The businessman, who came to be known as the “godfather of gambling,” passed away in his sleep on Tuesday, Pansy Ho, one of his daughters, told reporters outside a hospital in Hong Kong.
Stanley Ho was born in Hong Kong in 1921, and made his fortune transforming the neighboring city of Macao into a gambling hub that later was dubbed the “Las Vegas of Asia.” The former Portuguese colony is the only place in China where casino gambling is permitted.
“We will all miss him,” and respect “his legendary accomplishments and everything he has done in life for Hong Kong … and Macao, and all his charitable donations,” his daughter said.
For four decades, Ho held the only gaming concession in Macao, and oversaw the city’s rise to become one of the world’s biggest hotspots for gamblers. He led the Sociedade de Jogos de Macau, a casino and hotel operator known best for its Grand Lisboa property in Macao.
He also was honorary chairman of Shun Tak Holdings, a conglomerate in Hong Kong whose businesses span transportation, real estate and investments. That company is now run by his daughter, Pansy, who is also a board member and part owner of MGM (MCHVY) China.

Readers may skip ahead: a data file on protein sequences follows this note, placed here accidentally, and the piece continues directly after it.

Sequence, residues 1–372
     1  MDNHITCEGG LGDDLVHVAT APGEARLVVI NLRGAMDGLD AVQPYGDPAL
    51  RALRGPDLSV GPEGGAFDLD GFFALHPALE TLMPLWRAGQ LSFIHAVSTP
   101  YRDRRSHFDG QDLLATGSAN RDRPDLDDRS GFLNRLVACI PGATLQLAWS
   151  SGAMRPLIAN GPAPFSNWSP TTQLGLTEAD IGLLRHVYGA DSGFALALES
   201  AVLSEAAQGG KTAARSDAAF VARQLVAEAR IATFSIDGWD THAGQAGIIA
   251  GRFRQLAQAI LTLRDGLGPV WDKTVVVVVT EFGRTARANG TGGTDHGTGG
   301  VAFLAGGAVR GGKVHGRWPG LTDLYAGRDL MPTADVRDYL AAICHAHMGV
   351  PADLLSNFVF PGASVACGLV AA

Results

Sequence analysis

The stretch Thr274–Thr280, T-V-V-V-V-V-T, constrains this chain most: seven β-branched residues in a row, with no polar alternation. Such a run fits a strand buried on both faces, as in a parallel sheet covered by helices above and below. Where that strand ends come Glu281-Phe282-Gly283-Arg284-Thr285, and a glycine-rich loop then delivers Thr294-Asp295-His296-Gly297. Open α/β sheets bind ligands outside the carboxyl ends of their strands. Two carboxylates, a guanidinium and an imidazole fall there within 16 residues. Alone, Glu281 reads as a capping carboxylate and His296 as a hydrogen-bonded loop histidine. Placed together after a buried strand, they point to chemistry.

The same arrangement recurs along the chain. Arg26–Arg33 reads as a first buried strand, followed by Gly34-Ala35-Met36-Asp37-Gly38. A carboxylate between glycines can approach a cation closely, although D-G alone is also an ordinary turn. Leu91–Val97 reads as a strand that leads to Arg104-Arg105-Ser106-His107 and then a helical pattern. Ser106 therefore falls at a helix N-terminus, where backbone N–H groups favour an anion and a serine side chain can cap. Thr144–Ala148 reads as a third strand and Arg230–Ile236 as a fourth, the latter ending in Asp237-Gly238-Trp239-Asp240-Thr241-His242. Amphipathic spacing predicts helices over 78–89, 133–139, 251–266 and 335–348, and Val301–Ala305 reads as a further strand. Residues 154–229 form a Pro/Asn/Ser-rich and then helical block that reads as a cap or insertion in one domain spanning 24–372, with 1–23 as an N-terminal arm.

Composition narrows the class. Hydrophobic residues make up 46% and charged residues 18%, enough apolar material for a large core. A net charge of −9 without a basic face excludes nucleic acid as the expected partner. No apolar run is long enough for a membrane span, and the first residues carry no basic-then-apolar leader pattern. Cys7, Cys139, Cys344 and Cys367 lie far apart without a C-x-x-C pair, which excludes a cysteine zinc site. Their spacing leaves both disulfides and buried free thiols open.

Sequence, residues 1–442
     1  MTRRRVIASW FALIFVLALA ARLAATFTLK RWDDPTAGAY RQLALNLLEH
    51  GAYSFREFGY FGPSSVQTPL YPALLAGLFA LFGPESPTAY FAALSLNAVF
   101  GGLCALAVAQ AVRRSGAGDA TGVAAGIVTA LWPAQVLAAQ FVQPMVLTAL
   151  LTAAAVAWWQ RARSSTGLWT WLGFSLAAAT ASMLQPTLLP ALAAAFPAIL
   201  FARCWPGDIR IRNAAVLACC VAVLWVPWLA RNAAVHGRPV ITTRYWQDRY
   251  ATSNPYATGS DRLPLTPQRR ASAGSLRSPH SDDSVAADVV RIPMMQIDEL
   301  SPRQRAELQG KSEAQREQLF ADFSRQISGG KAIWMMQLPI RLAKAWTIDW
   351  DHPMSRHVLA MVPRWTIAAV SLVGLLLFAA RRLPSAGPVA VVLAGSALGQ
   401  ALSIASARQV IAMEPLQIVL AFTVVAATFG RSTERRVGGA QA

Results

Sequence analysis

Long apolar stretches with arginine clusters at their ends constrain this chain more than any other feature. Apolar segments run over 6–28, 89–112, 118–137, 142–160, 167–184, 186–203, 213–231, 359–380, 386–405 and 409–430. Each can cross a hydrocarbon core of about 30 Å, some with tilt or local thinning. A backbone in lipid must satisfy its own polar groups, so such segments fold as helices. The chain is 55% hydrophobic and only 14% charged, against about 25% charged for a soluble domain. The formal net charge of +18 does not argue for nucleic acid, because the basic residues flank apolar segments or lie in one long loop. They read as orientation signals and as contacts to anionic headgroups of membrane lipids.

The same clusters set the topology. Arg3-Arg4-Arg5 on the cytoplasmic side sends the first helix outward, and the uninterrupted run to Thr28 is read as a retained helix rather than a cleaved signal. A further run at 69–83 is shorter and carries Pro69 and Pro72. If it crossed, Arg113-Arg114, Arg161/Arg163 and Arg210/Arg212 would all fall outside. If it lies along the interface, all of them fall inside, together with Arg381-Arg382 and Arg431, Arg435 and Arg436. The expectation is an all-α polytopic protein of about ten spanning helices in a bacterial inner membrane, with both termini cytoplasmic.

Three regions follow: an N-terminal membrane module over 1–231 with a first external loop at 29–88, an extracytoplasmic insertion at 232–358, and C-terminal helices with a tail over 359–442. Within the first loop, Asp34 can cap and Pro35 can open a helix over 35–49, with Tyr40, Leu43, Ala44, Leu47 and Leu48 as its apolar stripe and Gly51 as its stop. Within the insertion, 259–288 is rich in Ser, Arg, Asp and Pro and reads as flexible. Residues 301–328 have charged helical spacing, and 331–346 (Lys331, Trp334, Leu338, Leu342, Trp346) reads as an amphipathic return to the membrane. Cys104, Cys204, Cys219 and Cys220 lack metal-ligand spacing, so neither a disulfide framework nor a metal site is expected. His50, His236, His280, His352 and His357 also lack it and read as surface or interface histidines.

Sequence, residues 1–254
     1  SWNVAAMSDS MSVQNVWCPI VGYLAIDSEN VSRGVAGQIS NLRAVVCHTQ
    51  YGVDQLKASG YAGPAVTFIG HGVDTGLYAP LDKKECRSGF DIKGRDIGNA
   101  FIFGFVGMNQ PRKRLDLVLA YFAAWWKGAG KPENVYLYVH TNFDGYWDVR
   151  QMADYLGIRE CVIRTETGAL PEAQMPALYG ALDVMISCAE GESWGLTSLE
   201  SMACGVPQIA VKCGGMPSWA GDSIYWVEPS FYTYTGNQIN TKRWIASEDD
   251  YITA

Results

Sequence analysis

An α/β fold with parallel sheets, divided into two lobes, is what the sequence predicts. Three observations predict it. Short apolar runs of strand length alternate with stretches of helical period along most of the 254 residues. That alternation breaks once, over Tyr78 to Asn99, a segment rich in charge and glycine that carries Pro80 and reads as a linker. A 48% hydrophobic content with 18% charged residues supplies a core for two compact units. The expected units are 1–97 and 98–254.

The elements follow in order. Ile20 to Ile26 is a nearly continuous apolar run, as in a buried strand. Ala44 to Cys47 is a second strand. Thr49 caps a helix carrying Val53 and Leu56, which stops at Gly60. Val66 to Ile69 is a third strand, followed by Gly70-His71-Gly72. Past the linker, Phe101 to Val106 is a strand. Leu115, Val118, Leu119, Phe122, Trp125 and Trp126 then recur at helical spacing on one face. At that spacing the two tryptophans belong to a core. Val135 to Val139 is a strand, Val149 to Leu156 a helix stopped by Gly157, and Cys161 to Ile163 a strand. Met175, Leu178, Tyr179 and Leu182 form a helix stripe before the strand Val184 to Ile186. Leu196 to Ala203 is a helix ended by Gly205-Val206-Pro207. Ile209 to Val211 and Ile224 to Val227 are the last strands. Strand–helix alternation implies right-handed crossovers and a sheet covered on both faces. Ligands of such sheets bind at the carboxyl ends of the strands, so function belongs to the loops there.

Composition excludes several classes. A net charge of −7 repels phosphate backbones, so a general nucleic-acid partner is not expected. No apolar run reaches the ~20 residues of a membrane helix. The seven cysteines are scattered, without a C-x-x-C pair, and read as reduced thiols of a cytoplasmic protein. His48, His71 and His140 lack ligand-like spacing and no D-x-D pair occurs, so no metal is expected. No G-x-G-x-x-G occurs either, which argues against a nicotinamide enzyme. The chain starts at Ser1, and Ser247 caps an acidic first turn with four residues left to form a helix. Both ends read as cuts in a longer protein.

The casino magnate’s monopoly ended in 2002, when Macao opened up the industry to foreign players and allowed US giants such as Wynn (WYNMF) and Sands (LVS) to enter the market. Around the same time, China also eased travel restrictions, making it easier for tourists to visit the city.
Throughout his life, Ho developed close ties with Beijing and served as a member of China’s Standing Committee of the Chinese People’s Political Consultative Conference, the country’s top advisory body.
Ho had battled health problems for some time. In 2009, he suffered a fall and underwent brain surgery, forcing him to take a step back from running his businesses. A bitter public family feud over his wealth followed.
Ho was famously polygamous, fathering seventeen children with four women. His net worth was estimated last year at $14.9 billion, according to Bloomberg.
After two years of infighting, Ho ended up giving up nearly his entire stake in his gambling empire and dividing the wealth among his family.
Despite his field of work, Ho always said he never indulged himself and fought to keep his image clean. He was known as a flamboyant man, who loved ballroom dancing.
“I know nothing of gambling. I still don’t gamble,” he once said. “I got [into] this franchise because it was a challenge for me.”